From there, the character of “Dolemite” is born and Rudy dresses himself up for the occasion. It is an electrifying moment when we first see him take the stage even after the club owner begs him to just stick with his normal act. While he was at first ignored as an opening act, he now has the audience in stitches when he tells them, “Dolemite is my name, and fuckin’ up motherfuckers is my game!” From there, he finds the loving audience which had long eluded him, and he becomes increasingly intent on leaving his mark on the world.

Eddie Murphy certainly had a much different path to fame than Rudy Ray Moore ever did. He got cast on “Saturday Night Live” when he was 19, and film stardom came soon after when he starred in “48 Hrs.” Rudy, on the other hand, found success later in life and with a niche audience which was nowhere as big as Murphy’s. But watching Murphy here, I can see why he is a perfect fit to play Rudy as he inhabits this raunchy comedian and hustler with such an unbridled enthusiasm to where his spirit is so infectious throughout. Seeing Murphy land so many of Dolemite’s one-liners perfectly reminds us how brilliant his comedic timing is, and it is shocking to learn this is his first R-rated feature since 1999’s “Life.”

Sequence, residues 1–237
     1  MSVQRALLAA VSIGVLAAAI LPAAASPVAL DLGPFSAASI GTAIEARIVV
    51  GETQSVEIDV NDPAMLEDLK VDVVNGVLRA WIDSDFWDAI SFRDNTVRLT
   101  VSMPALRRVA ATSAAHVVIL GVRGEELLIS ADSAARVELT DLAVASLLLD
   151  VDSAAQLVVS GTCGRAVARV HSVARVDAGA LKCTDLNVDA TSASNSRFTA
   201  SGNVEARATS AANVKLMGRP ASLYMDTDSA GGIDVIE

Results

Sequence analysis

But moreover, Murphy really gives a great performance here which, in another year, might have earned him a deserved Oscar nomination. He really makes us root for Rudy even as his confidence begins to wane, and he also shows the insecurities and the past Rudy is constantly trying to stay several steps ahead of. There is one scene where we see Rudy on the phone with a prospective movie studio, and we do not even have to hear who is on the other line as Murphy shows us what rejection looks like as his face crumbles. Seriously, if this moment does not prove what a great actor can be, what will?

For Craig Brewer, “Dolemite is My Name” is his first feature film directorial effort since his 2011 remake of “Footloose.” To say this is a comeback for him is not really fair as he has spent the last few years producing several movies and directed TV episodes, so clearly he has been a busy body. However, watching this movie proves he has not missed a step as it contains the same boundless energy and enthusiasm he brought to “Hustle and Flow” and “Black Snake Moan.” Brewer clearly revels in the journey Rudy took from being a starving artist to becoming a known personality, and he makes this journey a thrilling and endlessly entertaining one for the audience.